Last updated on February 2019

Cognitive Effects of Vinpocetine in Healthy Adults and Patients With Epilepsy


Brief description of study

Pilot studies in healthy volunteers and in patients with epilepsy to assess the potential efficacy and safety of different dosages of vinpocetine in improving cognition.

Detailed Study Description

Cognitive problems are common in patients with epilepsy, but there is currently no specific treatment available. Vinpocetine is a chemical obtained from the leaves of the Lesser Periwinkle. It has been shown to improve cerebral metabolism and memory in animals and humans. In addition, it has been shown to enhance long-term potentiation, which has been linked to memory mechanisms. Furthermore, vinpocetine has been shown to have anticonvulsant effects and is more potent than several commonly used antiepileptic drugs (i.e., carbamazepine, phenytoin, valproate, oxcarbazepine, lamotrigine and topiramate) in inhibiting both sodium and calcium channels, which control release of excitatory neurotransmitters that can lead to brain injury. Thus, vinpocetine might offer a unique drug to help cognition in patients with epilepsy. The investigators propose to conduct pilot studies in healthy volunteers and in patients with epilepsy to assess the potential efficacy and safety of different dosages of vinpocetine in improving cognition.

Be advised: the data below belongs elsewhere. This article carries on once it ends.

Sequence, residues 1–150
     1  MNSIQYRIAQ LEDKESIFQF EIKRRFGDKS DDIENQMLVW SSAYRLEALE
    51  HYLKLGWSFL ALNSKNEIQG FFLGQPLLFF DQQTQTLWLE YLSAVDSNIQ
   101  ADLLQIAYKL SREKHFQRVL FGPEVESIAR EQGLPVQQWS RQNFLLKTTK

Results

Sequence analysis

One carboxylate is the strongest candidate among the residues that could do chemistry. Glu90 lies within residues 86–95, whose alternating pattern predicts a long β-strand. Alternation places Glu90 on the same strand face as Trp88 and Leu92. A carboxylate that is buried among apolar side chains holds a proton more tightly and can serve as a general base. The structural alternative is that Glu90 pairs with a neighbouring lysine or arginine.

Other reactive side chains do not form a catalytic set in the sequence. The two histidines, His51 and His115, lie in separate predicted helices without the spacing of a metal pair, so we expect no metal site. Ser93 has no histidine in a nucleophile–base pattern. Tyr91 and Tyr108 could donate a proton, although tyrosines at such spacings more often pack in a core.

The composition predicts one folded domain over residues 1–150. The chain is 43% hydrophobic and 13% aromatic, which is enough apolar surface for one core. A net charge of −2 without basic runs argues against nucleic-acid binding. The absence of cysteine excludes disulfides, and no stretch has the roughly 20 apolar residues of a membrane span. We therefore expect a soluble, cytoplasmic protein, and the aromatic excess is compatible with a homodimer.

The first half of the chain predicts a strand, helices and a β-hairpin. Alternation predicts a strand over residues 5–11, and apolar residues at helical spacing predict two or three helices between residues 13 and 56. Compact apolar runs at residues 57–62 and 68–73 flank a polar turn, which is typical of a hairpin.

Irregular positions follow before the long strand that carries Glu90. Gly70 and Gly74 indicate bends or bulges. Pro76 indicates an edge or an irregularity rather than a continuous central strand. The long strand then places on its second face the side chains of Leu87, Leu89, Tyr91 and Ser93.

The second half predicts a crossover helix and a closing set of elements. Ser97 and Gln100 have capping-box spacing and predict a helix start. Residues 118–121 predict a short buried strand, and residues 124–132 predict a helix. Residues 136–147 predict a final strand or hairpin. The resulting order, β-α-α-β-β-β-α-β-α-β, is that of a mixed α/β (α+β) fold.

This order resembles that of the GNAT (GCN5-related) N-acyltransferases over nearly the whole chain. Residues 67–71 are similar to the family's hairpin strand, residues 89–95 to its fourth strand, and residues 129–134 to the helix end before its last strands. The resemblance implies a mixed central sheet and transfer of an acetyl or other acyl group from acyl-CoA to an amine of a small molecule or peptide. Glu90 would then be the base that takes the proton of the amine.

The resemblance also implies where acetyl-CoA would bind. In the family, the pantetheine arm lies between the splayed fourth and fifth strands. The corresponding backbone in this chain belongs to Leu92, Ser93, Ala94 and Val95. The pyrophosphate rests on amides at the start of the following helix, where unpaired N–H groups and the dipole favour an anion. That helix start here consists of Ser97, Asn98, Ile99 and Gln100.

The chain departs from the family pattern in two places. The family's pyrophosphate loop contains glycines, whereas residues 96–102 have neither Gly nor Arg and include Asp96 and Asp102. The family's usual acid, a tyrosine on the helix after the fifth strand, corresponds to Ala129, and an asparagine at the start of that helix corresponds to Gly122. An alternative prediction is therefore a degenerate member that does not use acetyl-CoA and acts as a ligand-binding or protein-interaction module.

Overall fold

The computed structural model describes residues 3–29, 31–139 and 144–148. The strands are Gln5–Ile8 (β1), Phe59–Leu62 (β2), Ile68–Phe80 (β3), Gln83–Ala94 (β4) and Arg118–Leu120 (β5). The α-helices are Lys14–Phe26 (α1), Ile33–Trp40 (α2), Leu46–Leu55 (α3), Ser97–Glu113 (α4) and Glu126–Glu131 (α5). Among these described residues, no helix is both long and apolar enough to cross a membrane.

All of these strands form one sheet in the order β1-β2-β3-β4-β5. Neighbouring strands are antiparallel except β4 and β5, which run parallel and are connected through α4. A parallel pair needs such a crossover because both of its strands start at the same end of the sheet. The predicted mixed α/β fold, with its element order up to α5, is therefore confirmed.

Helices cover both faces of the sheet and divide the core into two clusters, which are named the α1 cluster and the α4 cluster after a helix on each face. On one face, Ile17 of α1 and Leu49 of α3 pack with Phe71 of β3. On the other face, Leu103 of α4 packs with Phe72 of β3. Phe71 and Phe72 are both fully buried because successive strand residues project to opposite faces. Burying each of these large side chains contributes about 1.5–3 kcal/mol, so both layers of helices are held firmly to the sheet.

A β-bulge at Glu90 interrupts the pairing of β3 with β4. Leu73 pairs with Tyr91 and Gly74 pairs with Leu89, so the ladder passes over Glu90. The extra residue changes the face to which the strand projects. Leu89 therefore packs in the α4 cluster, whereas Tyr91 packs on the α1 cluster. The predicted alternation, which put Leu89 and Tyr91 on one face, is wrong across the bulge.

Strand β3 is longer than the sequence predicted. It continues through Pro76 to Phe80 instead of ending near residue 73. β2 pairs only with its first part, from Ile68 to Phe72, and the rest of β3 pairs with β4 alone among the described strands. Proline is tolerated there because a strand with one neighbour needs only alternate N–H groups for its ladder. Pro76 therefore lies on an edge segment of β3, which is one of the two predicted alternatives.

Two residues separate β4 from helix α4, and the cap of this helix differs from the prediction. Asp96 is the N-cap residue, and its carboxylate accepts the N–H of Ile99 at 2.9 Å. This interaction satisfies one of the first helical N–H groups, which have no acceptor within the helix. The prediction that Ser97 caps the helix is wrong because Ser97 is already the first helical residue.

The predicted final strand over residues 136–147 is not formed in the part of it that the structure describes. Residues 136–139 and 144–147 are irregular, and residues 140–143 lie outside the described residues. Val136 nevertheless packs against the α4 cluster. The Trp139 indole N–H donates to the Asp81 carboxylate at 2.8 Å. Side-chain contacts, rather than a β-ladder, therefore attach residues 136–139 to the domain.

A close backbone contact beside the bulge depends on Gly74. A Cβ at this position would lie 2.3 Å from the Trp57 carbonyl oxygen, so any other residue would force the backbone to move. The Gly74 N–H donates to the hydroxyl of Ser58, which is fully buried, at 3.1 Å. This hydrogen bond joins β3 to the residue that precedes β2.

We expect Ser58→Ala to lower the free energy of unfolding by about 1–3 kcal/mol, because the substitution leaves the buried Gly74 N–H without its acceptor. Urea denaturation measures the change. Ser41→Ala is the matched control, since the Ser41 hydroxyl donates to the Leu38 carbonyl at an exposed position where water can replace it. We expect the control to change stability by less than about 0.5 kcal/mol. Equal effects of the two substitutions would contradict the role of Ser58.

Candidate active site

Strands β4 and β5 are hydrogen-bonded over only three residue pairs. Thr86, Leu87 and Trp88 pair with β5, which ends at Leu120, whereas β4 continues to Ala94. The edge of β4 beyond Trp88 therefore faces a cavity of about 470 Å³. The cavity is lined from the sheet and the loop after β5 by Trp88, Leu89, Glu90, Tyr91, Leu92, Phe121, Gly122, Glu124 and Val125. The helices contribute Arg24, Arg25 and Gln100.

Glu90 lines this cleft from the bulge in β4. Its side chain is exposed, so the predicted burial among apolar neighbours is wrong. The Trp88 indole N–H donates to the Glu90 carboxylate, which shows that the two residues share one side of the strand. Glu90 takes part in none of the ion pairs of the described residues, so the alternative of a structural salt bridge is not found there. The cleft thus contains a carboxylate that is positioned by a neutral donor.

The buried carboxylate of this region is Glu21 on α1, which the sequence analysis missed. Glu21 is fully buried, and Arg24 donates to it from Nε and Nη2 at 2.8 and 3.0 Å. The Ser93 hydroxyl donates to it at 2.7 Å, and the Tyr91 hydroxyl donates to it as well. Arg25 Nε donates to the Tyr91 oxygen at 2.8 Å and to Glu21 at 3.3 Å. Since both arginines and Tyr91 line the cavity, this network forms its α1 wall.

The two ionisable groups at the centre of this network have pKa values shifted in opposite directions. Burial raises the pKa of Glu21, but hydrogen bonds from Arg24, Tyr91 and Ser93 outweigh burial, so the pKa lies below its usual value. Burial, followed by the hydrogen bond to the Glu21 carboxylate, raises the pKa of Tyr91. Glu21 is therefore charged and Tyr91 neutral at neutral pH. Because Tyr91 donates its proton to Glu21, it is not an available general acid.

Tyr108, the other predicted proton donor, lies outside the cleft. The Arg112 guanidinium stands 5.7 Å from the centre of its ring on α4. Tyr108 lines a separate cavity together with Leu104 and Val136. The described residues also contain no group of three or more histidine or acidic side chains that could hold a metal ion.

Specific Aim 1a: To determine if vinpocetine enhances memory and other cognitive functions in healthy volunteers.

Specific Aim 1b: To determine blood levels from 3 different acute oral doses of vinpocetine in healthy volunteers.

Specific Aim 2a: To provide safety and preliminary of efficacy data that vinpocetine can enhance memory and other cognitive functions in patients with epilepsy.

Specific Aim 2b: To determine blood levels from acute and chronic oral doses of vinpocetine in patients with epilepsy as well as effects on anticonvulsant blood levels.

Specific Aim 2c: To provide preliminary of data that vinpocetine can reduce seizure frequency or duration in patients with epilepsy.

Clinical Study Identifier: NCT02011971

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Stanford University

Palo Alto, CA United States
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Recruitment Status: Open


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